stainless steel? I don’t know, but I do not believe there is enough
germanium in the alloy to form and effective barrier. Maybe Sam
would have some data about what happens to the microstructure with
repeated exposure to oxygen at high temperatures. But in general it
is not good for any metal to have repeated exposure to high
temperature oxygen.

James Binnion
@James_Binnion
James Binnion Metal Arts


360-756-6550


#6

There is a new site for Argentium Silver that has a LOT of
It looks like everything that has been written has been
gathered at, or linked to, the new site. The url is:
www.argentiumsilver.info

The site includes a Library of articles, data sheets, technical
reports, and working guides.

In the Reports section of the library are a number of papers by
CATRA, which is an independent testing association in Great Britain.
CATRA has tested Argentium Sterling for tarnish and firescale
resistance, and compared Argentium Sterling to U.S. alloys and
European alloys. The reports are in downloadable pdf formats. The
British tend to use the word firestain instead of firescale, so the
firescale report comparing Argentium Sterling and US alloys is
titled: CATRA report 963443B: ‘Resistance to Firestain Evaluation of
Silver Alloys’.

During the firescale tests by CATRA, the silver samples were heated
at 1076 F 580 C (580 C) for 1 hour. The procedure description in the
report mentions that the kiln door was left slightly open to allow in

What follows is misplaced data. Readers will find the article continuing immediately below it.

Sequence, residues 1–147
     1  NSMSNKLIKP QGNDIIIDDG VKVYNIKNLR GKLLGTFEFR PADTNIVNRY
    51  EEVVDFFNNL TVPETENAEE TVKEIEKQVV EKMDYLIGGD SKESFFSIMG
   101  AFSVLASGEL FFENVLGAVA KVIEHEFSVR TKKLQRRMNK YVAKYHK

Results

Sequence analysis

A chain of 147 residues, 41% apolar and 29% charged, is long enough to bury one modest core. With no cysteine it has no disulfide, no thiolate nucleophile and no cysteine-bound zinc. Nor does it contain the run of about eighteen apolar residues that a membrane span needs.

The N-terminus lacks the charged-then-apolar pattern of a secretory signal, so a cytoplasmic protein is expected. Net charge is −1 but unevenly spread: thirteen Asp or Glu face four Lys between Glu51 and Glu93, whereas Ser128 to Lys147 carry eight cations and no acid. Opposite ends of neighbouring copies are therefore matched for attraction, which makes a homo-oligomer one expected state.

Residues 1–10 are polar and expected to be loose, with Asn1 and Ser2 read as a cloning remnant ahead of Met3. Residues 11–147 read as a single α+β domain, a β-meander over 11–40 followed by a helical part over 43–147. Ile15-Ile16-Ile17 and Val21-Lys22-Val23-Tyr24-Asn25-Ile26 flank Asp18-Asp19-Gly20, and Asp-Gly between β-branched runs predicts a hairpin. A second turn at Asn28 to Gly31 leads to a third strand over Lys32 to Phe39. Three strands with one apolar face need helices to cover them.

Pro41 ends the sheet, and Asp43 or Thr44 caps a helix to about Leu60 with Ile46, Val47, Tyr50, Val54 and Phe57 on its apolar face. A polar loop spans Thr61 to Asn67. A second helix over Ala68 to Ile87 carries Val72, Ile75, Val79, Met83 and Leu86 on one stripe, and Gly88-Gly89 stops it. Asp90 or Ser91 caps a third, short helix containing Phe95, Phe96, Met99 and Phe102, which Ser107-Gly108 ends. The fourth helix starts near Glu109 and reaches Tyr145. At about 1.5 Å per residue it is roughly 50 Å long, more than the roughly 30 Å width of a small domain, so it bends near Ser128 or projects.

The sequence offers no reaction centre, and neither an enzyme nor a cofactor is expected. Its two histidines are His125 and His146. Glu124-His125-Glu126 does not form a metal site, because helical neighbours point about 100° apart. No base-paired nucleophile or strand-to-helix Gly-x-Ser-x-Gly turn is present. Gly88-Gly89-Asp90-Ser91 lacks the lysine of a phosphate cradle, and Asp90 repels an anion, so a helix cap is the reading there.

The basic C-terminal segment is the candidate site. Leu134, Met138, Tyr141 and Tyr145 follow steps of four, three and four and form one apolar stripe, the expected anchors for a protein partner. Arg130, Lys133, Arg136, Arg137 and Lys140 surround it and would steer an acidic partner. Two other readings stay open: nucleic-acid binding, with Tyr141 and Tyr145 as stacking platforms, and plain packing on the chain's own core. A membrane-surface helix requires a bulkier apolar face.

oxygen. This confirms the suggestion I made in a previous post, that
it is good to have oxygen present when kiln annealing, as well as
torch annealing.

For anyone interested in Argentium Silver, it is nice to have one
source for all now!

Cynthia Eid
http://www.cynthiaeid.com


#7

Cindy,

The resistance to firestain of argentium is not the issue. The reason
that you cannot see an oxide layer in the micro-graphs shown on that
site is that germanium oxide has about the same color as the bulk
metal where the copper oxide has a darker color that stands out. The
oxide is still there you just cannot see it. The question I have is
what is the affect of the greater presence of oxide in the metal on
the working characteristics. I know that copper oxides have a
detrimental effect on the ductility of standard sterling. I am
assuming that germanium oxide is similar in that the metal now has
particulate mater that is not in solution in the crystal matrix.
This leads to reduced ductility. This is my reason for suggesting
flux with argentium not firestain prevention

Jim

James Binnion
@James_Binnion
James Binnion Metal Arts


360-756-6550


#8
... The question I have is what is the affect of the greater
presence of oxide in the metal on the working characteristics. I
know that copper oxides have a detrimental effect on the ductility
of standard sterling. 

I’ve formed and drawn a lot of Argentium Silver (AS) and I can’t say
I’ve ever seen fracturing or whatever you’d expect from this
"detrimental" effect of the oxide. In fact I’ve seen that AS is
noticeably more ductile than regular sterling – I’d guess-timate as
much as 40 or 50% more when it comes to simple wire drawing – and
that’s with as much oxide build-up as one is likely to get (repeated
annealings without pickling).

While I have no doubt that your supposition is technically true, I
have serious doubts that it has much effect in practice.

Cheers,
Trevor F.
in The City of Light
Visit TouchMetal.com at http://www.touchmetal.com